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Milk Allergy: Beware of Dark Chocolate

New Food and Drug Administration study found that some dark chocolate may contain milk products.

If you or someone you know is allergic to milk, take heed: a recent study by the Food and Drug Administration (FDA) tested 100 dark chocolate products and found that many contained milk.1 In fact, 12% of dark chocolate labelled dairy-free contained milk products, noted the agency.

“This can be a problem, since even one small bite of a product containing milk can cause a dangerous reaction in some individuals,” said researcher Binaifer Bedford, MS, an Oak Ridge Institute for Science and Education (ORISE) fellow at the FDA.

Food Allergens

There are eight major food allergens. These include:

  • Eggs
  • Fish
  • Milk
  • Peanuts
  • Shellfish (crustacean)
  • Soybeans
  • Tree nuts
  • Wheat

According to the FDA, US law requires foods containing a major food allergen to provide its name on the label. Undeclared (not listed on the label) allergens are a leading cause of food recall requests by the FDA.

From September 2009 to September 2012, about one-third of foods reported to FDA as serious health risks involved undeclared allergens. Within the candy category, there were many reports of undeclared milk in dark chocolate.

"A manufacturer may not intend to use milk in a dark chocolate product," Bedford said. But if the dark chocolate product shares equipment with, for example, a milk chocolate product, traces of milk may inadvertently wind up in the dark chocolate.

What the Study Found

The FDA tested 100 dark chocolate bars after hearing from consumers who had eaten dark chocolate and experienced harmful reactions, The selected bars were obtained from different parts of the U.S. and each bar was unique in terms of product line and/or manufacturer, noted the FDA.

“First of all, milk-allergic consumers should be aware that a high proportion of the dark chocolates we tested contained milk, even when the label failed to list milk as an ingredient,” Bedford said. Of greatest concern are chocolate samples that have no statement regarding milk on the label or have inconsistencies in the label. Several of the chocolates labeled “dairy free” were also found to contain milk.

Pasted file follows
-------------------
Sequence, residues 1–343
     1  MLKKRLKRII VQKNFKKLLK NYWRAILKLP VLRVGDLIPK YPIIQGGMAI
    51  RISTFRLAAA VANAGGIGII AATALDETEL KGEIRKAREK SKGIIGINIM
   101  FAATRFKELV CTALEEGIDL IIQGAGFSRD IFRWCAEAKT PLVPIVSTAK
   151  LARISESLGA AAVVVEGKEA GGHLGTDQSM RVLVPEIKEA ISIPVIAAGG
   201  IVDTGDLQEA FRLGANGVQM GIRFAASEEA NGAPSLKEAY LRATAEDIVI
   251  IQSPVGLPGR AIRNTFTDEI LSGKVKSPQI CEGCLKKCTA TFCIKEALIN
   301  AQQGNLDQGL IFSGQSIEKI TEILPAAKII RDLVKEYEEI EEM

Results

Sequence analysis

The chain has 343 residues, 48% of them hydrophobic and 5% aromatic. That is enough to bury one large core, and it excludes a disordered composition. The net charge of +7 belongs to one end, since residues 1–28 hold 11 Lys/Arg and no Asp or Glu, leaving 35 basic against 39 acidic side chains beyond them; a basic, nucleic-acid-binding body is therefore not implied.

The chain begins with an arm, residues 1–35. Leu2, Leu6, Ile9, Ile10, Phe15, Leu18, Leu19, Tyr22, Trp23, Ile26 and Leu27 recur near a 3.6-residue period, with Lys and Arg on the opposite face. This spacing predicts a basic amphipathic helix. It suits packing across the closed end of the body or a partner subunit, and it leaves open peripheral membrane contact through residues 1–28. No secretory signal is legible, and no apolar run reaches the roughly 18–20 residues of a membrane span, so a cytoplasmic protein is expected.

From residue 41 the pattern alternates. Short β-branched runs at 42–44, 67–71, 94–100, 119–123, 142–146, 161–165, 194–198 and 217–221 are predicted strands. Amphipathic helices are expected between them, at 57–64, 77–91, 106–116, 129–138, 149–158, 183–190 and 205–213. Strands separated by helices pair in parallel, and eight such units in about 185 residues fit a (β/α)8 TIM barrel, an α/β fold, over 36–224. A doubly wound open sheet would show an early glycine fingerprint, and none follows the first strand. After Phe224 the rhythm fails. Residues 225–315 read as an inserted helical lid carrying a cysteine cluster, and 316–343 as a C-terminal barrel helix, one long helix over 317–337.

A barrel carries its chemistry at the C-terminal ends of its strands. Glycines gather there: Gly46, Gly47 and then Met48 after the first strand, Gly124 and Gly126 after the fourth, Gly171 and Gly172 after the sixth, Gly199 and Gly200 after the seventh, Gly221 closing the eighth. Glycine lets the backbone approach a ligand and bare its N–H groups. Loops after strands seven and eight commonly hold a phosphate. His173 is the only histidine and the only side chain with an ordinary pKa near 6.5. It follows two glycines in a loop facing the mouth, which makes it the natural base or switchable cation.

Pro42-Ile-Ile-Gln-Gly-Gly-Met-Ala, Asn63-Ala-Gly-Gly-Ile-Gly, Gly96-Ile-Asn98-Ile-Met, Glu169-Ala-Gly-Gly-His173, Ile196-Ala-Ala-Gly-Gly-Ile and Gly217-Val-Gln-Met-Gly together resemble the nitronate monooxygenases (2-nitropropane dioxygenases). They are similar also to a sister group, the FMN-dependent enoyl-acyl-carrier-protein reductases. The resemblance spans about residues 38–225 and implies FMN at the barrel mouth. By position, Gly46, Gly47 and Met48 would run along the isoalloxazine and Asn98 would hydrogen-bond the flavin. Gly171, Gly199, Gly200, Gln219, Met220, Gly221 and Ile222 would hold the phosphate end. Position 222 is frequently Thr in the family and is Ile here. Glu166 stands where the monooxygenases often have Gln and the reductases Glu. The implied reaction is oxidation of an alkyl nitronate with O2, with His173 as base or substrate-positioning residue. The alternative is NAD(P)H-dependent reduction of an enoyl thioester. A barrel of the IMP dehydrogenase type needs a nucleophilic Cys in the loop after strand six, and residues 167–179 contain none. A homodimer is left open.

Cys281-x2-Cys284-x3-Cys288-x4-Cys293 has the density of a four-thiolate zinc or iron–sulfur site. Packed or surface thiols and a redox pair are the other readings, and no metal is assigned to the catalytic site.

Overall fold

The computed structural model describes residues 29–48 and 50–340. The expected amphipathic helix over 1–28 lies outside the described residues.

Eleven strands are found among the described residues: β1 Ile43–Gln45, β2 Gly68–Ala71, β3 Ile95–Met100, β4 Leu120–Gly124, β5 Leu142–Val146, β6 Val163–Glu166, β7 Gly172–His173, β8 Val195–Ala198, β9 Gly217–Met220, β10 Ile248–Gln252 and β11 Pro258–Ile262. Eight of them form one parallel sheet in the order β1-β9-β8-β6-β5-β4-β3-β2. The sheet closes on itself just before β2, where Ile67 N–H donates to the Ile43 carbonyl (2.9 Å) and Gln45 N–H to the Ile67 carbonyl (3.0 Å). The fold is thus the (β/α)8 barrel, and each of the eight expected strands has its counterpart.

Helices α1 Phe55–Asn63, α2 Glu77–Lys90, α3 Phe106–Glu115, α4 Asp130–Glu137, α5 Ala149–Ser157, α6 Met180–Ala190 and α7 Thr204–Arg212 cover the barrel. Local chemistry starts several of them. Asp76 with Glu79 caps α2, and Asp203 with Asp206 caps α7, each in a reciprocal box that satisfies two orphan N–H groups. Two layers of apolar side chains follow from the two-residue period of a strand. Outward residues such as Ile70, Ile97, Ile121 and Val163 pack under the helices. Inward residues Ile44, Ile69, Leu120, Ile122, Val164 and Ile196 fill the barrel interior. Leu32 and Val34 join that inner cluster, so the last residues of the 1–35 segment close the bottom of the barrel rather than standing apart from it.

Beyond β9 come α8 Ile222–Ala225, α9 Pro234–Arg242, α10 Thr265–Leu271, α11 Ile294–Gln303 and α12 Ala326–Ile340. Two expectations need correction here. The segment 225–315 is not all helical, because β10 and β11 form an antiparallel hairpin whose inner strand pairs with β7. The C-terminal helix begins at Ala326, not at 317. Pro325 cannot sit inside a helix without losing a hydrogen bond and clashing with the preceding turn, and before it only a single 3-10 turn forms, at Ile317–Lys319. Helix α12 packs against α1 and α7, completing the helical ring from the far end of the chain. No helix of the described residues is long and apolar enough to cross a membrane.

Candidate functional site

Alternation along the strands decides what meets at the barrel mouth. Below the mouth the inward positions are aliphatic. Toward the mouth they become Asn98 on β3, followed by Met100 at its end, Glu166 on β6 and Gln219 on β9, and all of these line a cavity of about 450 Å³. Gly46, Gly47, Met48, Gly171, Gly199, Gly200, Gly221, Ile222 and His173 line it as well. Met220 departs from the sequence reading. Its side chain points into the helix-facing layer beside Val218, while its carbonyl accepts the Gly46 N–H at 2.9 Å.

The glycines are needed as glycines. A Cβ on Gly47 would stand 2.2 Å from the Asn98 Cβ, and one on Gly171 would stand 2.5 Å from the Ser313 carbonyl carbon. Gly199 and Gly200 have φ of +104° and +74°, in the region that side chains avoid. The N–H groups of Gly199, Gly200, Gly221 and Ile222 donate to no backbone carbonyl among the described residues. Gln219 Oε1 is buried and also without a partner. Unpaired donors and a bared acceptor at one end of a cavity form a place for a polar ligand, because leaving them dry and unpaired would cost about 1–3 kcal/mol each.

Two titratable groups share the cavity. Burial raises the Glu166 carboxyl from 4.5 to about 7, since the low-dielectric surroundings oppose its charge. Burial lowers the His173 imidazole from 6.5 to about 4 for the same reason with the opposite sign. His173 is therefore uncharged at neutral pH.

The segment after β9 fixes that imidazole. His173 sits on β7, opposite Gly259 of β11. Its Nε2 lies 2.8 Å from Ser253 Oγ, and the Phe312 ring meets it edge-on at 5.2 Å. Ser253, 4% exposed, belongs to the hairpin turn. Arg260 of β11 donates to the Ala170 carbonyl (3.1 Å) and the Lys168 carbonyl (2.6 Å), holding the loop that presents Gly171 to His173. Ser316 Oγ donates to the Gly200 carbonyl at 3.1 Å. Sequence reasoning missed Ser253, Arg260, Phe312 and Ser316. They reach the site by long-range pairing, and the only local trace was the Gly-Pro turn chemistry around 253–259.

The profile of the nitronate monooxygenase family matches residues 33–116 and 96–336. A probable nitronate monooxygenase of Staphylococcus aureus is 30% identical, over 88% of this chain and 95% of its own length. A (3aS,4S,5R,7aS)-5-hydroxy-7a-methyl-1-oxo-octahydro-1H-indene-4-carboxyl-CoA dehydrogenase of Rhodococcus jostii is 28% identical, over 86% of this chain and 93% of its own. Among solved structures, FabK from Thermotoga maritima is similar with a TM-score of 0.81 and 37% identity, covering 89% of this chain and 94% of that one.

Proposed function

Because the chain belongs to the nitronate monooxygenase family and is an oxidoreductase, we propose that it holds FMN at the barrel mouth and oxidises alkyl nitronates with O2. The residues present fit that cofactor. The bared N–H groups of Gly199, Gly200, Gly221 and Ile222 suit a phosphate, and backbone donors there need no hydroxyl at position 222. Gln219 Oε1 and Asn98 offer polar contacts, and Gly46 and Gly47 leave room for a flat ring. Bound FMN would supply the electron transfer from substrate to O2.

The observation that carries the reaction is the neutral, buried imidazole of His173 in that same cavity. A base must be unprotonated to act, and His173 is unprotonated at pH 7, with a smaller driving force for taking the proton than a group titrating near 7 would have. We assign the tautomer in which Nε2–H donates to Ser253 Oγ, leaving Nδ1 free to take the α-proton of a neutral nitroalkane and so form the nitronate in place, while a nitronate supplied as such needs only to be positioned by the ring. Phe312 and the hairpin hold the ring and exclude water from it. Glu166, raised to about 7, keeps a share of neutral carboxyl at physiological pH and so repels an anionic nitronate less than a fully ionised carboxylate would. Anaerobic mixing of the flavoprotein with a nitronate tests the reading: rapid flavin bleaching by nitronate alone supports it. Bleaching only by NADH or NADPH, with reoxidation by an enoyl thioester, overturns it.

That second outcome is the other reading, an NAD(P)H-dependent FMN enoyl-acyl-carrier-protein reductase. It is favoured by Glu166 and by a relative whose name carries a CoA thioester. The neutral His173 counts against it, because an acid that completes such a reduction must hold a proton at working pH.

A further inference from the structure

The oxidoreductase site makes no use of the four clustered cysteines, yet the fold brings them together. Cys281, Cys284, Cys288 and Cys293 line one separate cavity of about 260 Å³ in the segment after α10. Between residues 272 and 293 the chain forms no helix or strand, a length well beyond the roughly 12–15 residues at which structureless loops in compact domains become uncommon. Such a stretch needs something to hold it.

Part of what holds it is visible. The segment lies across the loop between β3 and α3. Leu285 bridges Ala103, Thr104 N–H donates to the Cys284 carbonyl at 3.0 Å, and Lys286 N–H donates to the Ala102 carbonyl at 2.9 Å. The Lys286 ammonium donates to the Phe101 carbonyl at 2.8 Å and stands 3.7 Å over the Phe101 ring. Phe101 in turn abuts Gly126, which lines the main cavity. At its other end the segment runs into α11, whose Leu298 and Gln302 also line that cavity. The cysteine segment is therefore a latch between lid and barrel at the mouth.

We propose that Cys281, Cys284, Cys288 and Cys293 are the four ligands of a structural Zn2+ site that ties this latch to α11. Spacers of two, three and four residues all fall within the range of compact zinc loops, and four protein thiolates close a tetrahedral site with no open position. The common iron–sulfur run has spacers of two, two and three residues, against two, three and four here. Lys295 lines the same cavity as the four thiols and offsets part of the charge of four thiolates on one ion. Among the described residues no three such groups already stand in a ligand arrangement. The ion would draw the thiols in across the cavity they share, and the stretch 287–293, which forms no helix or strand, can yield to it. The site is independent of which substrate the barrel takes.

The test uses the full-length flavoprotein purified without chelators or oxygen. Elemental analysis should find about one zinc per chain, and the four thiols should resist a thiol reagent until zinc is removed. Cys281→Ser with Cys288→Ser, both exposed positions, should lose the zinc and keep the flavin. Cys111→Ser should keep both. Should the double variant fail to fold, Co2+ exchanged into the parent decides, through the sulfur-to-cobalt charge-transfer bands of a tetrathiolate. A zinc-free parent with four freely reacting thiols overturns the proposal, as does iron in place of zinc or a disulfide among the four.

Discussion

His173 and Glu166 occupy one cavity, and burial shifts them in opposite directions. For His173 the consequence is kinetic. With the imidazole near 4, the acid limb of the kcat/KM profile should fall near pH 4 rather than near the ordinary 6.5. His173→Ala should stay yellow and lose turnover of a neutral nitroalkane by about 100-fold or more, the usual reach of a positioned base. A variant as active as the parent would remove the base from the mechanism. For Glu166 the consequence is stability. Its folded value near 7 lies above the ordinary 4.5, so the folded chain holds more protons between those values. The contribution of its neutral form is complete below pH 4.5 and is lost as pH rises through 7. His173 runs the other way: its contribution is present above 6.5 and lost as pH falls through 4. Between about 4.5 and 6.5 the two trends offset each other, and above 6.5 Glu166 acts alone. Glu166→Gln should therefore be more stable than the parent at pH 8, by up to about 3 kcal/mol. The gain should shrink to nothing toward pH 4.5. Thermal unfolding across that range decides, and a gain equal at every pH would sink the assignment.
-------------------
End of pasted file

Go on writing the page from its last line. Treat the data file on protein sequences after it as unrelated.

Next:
Results included:

  • While dark chocolates labeled “dairy free or allergen-free” were the least likely to contain milk, two out of 17 of these products (12%) were found to contain milk.
  • All seven bars that declared the presence of milk on the label contained milk; however, 55 (59%) of 93 bars without any clear indication of the presence of milk also were found to contain milk.
  • Six out of the eleven chocolate products (55%) labeled “traces of milk” contained milk at detectable levels high enough to potentially cause severe reactions in some individuals.


Bottom Line

  • ALWAYS read the food label and ingredients.
  • When in doubt, call the manufacturer directly regarding your specific allergies.
  • For those with severe food allergies, be sure to always wear medical identification.

If you have a milk allergy, be aware that a high proportion of tested dark chocolates contained milk.

“And because consumers can’t be sure that a statement about milk is completely accurate, they may want to contact the manufacturer to find out how it controls for allergens such as milk during production,” said Bedford. Information about the manufacturer, packer, or distributor is required to appear on the label of packaged foods.

To see what products have been recalled due to false labelling, visit the FDA’s website and at the Food Allergy Research and Education (FARE) website.

 

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